Wednesday, 11 February 2015

What do online discussion forums offer second-language learners?

In my last post I outlined how online asynchronous discussion forums (ADFs) fit into the SAMR model. This week I’m going to outline some of the additional benefits that ADFs can provide to English language learners (ELLs) specifically, and for learners more generally. This is something quite close to home for me as a teacher, since the learners I work with are Thai high school students. Their first language is obviously Thai, but at my school they receive the majority of their lessons in English.

Language plays a crucial role in learning, both for metacognitive awareness, or learning how to learn, and in the formation of higher mental processes (Murphy, 2008). ADFs afford learners the opportunity to practice their written language skills, and also provide those students who are less confident about speaking English the opportunity to prepare their answers before posting them.

In addition, by participating in an online debate, students have an opportunity to learn more than simply a list of decontextualised knowledge items – they also gain critical thinking, debating, English language, and scientific research skills. In other words, ADFs afford the development of critical literacy, which includes recognising multiple and contradictory patterns of thought, and engaging in moral/philosophical critique (Davies, 2008).

It has been noted that by using authentic situations, such as a debate about a topical area where science impacts society, English language skills and subject area skills can be improved simultaneously. The development and use of specific language functions, such as explaining and hypothesising, are seen as parallel to science learning processes (Stoddart et al., 2002), e.g. when ELLs participate in an online debate they are developing both language and science skills. Recent studies of a professional development intervention with elementary teachers, aimed at simultaneously improving both science and literacy skills of ELLs in multicultural settings, have shown achievement gains in both areas (Lee et al., 2008; Lee et al., 2009).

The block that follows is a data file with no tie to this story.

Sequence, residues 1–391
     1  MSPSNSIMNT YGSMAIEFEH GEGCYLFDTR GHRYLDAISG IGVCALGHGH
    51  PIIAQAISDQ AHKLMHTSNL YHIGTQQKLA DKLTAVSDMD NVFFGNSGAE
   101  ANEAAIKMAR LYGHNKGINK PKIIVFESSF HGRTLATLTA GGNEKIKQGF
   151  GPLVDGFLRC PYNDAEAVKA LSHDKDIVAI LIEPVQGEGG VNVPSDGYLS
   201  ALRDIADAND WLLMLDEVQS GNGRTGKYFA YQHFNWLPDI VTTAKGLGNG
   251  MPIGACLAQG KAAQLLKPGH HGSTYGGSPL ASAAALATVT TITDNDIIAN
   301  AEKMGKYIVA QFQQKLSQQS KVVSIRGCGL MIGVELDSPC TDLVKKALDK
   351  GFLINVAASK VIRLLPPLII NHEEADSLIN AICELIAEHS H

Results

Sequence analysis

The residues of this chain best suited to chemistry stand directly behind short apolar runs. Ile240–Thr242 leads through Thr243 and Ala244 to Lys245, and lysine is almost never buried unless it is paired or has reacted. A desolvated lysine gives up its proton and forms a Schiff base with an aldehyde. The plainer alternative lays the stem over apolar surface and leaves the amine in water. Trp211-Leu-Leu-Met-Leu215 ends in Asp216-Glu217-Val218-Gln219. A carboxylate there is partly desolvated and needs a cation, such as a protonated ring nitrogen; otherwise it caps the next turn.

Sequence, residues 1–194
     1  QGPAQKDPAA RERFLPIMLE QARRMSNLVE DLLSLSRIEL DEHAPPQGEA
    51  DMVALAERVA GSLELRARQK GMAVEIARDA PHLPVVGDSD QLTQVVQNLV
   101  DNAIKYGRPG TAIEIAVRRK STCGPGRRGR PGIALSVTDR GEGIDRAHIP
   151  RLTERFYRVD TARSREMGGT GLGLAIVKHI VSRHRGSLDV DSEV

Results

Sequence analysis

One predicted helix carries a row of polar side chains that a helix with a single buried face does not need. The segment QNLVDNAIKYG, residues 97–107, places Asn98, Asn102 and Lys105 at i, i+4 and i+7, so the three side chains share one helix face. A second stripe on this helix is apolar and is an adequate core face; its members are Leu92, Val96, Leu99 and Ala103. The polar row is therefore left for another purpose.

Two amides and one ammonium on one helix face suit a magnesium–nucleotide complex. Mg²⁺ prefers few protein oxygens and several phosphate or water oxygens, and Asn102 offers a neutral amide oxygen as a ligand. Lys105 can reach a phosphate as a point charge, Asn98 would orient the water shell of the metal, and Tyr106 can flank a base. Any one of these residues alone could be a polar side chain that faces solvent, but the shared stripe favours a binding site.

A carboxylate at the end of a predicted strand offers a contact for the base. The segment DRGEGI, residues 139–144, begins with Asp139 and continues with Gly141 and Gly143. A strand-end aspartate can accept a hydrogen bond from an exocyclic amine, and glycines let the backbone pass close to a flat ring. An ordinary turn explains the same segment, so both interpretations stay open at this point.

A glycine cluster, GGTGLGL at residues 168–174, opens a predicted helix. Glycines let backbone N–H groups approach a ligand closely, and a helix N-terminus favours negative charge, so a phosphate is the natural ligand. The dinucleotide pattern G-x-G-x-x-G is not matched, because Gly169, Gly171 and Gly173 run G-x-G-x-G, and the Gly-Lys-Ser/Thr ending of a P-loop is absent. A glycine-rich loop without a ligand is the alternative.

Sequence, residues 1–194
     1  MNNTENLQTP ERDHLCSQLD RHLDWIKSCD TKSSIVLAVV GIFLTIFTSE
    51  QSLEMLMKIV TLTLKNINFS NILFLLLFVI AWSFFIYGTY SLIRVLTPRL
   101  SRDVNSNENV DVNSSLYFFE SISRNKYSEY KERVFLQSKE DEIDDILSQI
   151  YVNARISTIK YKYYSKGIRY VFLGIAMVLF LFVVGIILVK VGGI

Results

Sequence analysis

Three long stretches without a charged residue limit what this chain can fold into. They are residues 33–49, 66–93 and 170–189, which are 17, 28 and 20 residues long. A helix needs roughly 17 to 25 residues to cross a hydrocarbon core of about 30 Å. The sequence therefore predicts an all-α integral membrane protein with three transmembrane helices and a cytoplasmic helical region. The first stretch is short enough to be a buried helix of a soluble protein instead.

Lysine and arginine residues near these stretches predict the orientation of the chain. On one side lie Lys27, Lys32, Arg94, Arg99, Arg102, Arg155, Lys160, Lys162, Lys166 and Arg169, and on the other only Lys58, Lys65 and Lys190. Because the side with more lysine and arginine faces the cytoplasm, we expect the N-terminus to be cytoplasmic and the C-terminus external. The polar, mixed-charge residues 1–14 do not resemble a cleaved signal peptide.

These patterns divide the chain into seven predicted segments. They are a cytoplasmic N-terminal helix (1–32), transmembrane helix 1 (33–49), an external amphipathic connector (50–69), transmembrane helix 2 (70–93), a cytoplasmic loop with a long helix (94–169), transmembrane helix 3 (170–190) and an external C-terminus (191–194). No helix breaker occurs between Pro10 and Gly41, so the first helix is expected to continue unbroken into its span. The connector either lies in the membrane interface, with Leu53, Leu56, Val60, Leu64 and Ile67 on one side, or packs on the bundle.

Finally, subject area literacy can be enhanced by engagement in culturally authentic activity. Debates around controversial topics, such as stem cell research or vaccine use, are an example of this, reflecting as they do real-world debates held both within the scientific community, and between the scientific community and the wider community at large. Learners are seen to be able to move along trajectories that are not discontinuous as they move from school social practices to more general social practices, also an important feature in the development of lifelong learning skills (Roth and Lee, 2008).

I personally feel that ADFs offer a variety of affordances that make them an invaluable tool for 21st Century learning. I would be interested to hear how other teachers use ADFs in their context!


Davies, B. (2008). Constructing and deconstructing masculinities through critical literacy, in Hall, K., Murphy, P., and Soler, J. (eds.). Pedagogy and Practice, London, Sage in association with The Open University

Lee, O., Maerten-Rivera, J., Penfield, R.D., LeRoy, K., and Secada, W.G. (2008). Science achievement of English language learners in urban elementary schools: Results of a first-year professional development intervention. Journal of Research in Science Teaching, 45, 1, pp.31-52

Lee, O., Mahotiere, M., Salinas, A., Penfield, R.D., and Maerten-Rivera, J. (2009). Science writing achievement among English language learners: Results of a three-year intervention in urban elementary schools. Bilingual Research Journal, 32, pp153-167

Murphy, P. (2008). Defining pedagogy, in Hall, K., Murphy, P., and Soler, J. (eds.). Pedagogy and Practice, London, Sage in association with The Open University

Roth, W.M. and Lee, S. (2008). Science education as/for participation in the community, in Murphy, P. and Hall, K. (eds.). Learning and Practice, London, Sage in association with The Open University

Stoddart, T., Pinal, A., Latzke, M. and Canaday, D. (2002). Integrating inquiry science and language development for English Language Learners. Journal of Research in Science Teaching, 39, 8, pp.664-687